Is she hardcore? Well, you could try asking…

A study was published in the Journal of Communication and has gotten significant media attention, at least in blog form (the paper is available for free here). Like many studies that end up in articles, particularly on somewhat controversial subjects, the conclusions being reported are not strongly supported by the study. On the other hand, it is interesting to watch what aspects of the study are appealing to bloggers and which are ignored, as well as which articles were clearly based off other summaries of the article, rather than reading the original. The researchers themselves appear to have an agenda, though, of emphasizing the “hardcore”-ness of female players, and in doing so perpetuate some of the value judgments described in Diamonds in the Rough and Those Other Girls: Conflicts Between Female Gamers

The article ignored anyone with non-binary gender or sex; I will be speaking here about the people surveyed the way they self-identified on the survey, though some of them may have only chosen to identify as male or female because of a lack of other options.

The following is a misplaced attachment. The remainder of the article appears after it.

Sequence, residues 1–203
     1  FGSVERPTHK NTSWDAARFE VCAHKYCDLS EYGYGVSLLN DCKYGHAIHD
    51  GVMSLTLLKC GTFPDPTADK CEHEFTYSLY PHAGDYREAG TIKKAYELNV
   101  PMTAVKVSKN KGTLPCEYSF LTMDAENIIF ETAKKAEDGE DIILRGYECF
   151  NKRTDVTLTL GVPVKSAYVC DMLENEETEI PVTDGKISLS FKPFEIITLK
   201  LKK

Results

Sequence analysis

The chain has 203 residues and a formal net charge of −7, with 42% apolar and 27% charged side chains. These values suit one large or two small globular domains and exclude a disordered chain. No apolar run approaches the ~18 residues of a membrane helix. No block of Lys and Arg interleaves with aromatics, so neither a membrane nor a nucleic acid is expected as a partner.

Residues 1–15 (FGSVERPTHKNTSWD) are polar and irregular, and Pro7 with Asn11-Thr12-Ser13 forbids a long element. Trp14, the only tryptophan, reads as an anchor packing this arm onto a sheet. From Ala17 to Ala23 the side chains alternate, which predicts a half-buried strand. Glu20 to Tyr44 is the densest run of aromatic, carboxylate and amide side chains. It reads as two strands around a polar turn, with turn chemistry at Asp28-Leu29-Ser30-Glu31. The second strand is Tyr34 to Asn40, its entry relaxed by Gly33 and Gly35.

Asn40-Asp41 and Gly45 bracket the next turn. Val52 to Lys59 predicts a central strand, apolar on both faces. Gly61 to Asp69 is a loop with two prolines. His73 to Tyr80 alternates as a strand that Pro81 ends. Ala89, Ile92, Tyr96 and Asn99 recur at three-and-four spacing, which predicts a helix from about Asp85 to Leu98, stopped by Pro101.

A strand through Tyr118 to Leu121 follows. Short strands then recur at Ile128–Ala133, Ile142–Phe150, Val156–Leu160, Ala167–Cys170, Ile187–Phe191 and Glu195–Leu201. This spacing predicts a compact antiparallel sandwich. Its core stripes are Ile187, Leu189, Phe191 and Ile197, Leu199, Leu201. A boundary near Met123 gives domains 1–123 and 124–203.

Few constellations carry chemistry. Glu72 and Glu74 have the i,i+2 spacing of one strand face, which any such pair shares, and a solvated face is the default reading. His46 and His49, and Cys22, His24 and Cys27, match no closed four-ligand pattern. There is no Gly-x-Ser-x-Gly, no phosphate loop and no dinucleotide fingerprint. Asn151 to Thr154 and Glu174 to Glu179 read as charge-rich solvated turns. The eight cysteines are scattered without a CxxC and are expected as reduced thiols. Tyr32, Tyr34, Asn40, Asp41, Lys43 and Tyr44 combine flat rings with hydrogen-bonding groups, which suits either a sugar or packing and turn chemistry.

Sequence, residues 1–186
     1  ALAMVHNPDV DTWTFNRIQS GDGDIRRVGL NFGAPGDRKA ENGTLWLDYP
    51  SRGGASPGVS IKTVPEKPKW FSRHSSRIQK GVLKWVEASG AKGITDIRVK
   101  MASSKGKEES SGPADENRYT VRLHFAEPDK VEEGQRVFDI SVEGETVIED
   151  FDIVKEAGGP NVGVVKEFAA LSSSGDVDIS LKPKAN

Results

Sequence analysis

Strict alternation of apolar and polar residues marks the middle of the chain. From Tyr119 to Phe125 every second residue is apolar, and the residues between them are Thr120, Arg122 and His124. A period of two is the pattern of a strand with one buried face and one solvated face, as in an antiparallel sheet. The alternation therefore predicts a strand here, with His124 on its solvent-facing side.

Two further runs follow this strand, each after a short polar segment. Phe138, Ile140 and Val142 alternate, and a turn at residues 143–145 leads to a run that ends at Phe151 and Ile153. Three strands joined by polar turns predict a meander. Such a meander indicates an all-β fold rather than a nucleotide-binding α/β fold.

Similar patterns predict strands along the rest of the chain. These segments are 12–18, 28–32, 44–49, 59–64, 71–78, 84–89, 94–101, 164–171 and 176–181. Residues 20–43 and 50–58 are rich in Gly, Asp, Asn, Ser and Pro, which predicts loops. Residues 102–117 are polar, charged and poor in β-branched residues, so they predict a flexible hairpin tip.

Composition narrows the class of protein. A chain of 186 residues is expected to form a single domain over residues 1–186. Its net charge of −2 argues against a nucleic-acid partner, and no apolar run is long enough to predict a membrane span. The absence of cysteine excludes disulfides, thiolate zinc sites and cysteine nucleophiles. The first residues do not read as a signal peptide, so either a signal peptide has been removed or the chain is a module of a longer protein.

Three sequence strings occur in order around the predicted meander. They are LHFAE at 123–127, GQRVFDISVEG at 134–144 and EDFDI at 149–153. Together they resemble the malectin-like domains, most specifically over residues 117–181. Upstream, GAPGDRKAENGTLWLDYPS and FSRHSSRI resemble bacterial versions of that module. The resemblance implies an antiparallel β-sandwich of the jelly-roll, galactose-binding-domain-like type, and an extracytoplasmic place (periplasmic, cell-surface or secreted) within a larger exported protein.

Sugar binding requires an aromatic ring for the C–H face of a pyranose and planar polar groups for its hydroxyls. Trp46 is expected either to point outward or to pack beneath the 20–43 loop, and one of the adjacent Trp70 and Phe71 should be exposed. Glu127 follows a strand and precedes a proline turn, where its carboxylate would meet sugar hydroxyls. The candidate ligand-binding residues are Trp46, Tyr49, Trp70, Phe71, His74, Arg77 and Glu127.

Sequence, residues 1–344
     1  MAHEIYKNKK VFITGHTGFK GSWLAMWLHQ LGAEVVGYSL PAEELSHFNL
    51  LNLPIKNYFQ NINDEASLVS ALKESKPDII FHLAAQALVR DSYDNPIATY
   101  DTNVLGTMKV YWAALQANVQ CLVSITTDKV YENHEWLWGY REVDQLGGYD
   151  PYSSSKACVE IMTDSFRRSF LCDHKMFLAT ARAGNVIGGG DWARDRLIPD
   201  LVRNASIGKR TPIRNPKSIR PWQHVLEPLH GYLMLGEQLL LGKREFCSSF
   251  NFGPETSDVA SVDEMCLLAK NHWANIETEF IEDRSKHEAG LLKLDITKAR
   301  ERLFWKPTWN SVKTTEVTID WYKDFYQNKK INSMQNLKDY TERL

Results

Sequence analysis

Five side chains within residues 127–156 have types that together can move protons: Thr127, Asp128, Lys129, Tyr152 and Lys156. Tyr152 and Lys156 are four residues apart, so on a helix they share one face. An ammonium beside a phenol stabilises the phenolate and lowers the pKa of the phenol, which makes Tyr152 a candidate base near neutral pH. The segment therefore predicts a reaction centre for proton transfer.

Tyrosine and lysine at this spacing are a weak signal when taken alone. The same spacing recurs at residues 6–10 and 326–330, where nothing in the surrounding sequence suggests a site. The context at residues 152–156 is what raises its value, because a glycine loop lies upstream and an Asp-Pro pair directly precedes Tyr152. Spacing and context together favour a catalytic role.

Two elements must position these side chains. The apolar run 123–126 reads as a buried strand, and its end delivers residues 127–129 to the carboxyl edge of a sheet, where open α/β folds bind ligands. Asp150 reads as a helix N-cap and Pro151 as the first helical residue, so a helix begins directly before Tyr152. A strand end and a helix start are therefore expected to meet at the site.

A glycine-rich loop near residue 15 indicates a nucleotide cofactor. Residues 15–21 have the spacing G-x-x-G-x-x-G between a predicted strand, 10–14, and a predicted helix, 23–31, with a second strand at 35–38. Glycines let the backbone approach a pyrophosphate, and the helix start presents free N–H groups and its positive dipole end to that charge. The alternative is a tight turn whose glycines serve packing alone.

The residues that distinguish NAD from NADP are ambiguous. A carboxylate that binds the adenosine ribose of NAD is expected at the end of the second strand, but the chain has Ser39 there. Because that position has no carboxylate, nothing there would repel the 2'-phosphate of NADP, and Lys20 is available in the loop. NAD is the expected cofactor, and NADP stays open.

The article itself used data from a survey of Everquest II players and data about their playtime from Sony (which was accessed with the player’s permission). The researchers were Communications professors. Only one of them, Mia Consalvo Ph.D, appears to have a background in gender studies. She taught Women’s Studies at the University of Iowa. Many of her publications have be about gender or sexuality in games and gaming, though her degrees are in Communication. The data reported in this paper asked about gender, sexuality, income, happiness, loneliness, exercise, BMI, playtime, motivations for playing and whether or not people played with a spouse or partner. It appeared that they ignored people who did not report gender, and didn’t report data about race, disability or whether people considered themselves gamers, and conflated weight (classified by BMI) with health. It interpreted all this data through an extremely limited and simplistic gender role lens. They had a moment when they conflated gender identity and sexuality, speculating on “the potential androgyny that may be driving the bisexual players.” Within their limited, kyriarchal description of gender roles this might make sense, but they ignore much simpler explanations that rely only on sexual identity (like that these particular bisexual women may enjoy looking at the sexualized women in Everquest II) and feels unnecessary, particularly since the speculation is uncited and has no data behind it.